“Nigerian private universities produces empty brains” – Maigoro


The Chairman of the Academic Staff Union of Universities (ASUU), University of Jos Chapter, Dr. Lazarus Maigoro, has said that most private universities in Nigeria are producing graduates with empty brains.

Maigoro stated this while reacting to the approval given by President Muhammadu Buhari for the establishment of 20 new private universities in the country.

According to him, “Most times, private universities produce graduates with empty brains; these graduates hardly contribute meaningfully to the growth and development of the society.

“These graduates become a problem to the society rather than solving the existing problems as intellectuals.

“So, I want to urge the owners and managers of these newly approved universities to maintain standard”.

It would be recalled that in the last ten years, students in the public universities across Nigeria have been forced to spend over 832 days away from the lecture halls.

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The just suspended strike action makes it about 17 times since 2010, meaning that in at least, every five months across the academic calendar year, students had to stay at home. This, experts have said had contributed to the ”half-baked” graduates universities continue to churn out.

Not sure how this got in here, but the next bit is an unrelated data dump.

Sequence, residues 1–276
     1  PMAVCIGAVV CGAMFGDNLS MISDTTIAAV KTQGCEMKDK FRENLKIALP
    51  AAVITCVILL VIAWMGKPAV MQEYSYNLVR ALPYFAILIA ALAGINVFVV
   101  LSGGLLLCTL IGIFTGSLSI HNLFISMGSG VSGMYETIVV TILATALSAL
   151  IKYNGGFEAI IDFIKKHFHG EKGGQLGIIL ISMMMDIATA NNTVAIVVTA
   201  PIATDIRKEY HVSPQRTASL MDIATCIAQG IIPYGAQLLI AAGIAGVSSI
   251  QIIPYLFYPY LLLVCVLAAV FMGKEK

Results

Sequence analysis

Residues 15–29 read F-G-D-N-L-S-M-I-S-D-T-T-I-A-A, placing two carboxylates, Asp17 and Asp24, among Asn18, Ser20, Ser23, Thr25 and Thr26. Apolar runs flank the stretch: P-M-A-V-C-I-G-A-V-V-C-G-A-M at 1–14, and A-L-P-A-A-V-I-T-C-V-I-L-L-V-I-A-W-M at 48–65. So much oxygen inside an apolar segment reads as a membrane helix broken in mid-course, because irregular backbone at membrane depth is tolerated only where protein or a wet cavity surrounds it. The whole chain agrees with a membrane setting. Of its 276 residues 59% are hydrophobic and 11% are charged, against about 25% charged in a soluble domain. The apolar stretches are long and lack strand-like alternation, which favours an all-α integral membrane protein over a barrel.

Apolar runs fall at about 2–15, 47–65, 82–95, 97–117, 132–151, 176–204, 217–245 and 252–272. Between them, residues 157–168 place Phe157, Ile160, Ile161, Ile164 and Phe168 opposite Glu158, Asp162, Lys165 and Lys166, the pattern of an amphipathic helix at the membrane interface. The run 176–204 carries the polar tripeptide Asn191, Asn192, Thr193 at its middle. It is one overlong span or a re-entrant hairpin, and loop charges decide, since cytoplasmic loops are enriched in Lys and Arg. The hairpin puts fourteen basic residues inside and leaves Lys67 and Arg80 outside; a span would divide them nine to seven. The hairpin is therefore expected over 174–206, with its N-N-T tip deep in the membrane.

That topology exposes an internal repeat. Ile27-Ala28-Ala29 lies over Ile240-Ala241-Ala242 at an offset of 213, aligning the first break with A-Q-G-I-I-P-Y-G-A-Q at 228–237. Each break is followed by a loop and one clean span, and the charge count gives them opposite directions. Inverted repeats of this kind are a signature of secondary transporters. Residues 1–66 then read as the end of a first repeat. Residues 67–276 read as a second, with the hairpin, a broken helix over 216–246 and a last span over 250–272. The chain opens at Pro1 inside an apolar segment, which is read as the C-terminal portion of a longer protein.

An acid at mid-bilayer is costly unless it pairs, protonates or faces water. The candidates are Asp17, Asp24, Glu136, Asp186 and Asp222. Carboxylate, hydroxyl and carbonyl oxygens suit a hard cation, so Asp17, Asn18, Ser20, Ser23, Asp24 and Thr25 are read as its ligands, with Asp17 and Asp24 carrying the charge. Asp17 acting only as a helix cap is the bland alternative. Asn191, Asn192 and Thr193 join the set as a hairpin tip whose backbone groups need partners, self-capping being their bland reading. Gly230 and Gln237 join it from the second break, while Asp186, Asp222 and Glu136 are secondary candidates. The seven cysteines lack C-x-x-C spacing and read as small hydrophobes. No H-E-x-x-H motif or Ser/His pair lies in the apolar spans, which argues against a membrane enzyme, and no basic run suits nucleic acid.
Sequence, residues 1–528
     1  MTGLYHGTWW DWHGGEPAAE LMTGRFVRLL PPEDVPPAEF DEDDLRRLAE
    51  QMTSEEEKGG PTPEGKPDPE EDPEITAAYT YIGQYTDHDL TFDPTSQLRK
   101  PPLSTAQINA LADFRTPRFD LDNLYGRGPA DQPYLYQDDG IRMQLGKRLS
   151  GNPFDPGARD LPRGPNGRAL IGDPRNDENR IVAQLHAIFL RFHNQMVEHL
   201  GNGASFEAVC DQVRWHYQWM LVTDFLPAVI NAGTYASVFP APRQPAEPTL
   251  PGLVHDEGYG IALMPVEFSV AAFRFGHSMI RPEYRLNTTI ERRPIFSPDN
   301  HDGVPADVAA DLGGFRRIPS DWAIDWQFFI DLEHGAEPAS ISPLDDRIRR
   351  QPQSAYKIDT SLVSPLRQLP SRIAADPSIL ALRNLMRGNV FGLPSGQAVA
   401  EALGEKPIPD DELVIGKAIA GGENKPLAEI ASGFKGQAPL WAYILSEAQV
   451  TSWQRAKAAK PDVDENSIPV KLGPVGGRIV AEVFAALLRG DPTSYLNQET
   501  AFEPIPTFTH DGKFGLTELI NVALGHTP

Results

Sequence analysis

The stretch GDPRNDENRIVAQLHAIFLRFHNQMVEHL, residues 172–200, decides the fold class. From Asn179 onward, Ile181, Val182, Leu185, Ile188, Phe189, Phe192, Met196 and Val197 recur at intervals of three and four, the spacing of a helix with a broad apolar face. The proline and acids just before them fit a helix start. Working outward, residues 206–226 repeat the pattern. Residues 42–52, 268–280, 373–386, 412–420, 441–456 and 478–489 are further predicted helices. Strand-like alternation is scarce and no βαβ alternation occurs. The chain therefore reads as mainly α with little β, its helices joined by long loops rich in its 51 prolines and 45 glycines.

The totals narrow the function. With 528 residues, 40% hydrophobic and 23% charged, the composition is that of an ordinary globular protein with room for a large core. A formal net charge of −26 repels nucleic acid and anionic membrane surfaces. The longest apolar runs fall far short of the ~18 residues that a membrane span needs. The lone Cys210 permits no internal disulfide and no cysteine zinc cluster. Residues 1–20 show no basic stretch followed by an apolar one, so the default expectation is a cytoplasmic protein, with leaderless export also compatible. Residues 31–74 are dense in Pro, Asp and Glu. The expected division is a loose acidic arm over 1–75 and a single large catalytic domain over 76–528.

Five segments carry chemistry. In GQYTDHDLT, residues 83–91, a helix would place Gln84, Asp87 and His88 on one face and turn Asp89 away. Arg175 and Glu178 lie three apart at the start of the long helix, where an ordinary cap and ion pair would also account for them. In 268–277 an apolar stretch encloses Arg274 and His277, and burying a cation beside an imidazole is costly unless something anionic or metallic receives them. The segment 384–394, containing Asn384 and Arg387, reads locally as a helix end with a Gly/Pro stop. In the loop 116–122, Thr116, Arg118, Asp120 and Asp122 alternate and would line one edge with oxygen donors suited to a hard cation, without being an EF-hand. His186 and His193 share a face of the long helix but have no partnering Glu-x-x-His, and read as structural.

A breakdown of the timeline of strikes since 2010 revealed that in 2010, students stayed away from lecture halls for 157 days, in 2011, it was lesser, as only 90 days were wasted. The strike started in December 2011 and ended in March 2012.

According to the data analysed, in 2013, the strike lasted for 150 days, 2014 to 2015 witnessed no strike action, but in 2016, the Academic Union of Universities only down tooled for seven days. In 2017, the strike lasted for 35 days, while 2018 witnessed a 19-day shut down. The 2020 strike which ASUU embarked upon on March 23 lasted for 274 days.

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ASUU, the umbrella body of lecturers in both Federal and State universities commenced a nationwide strike on March 23, 2020, following the inability of the Federal Government to meet the agreement it entered in 2009.

The recent strike was heavily anchored on a payment platform for the university lecturers, as ASUU rejected the Integrated Personnel Payroll and Information System (IPPIS) initiated by the Federal Government.

The litany of strikes has made some parents to lose confidence in the educational system in Nigeria, as those who can afford educational systems outside Nigeria have started pursuing it. Some have even vowed that their children will not school in this kind of educational system.

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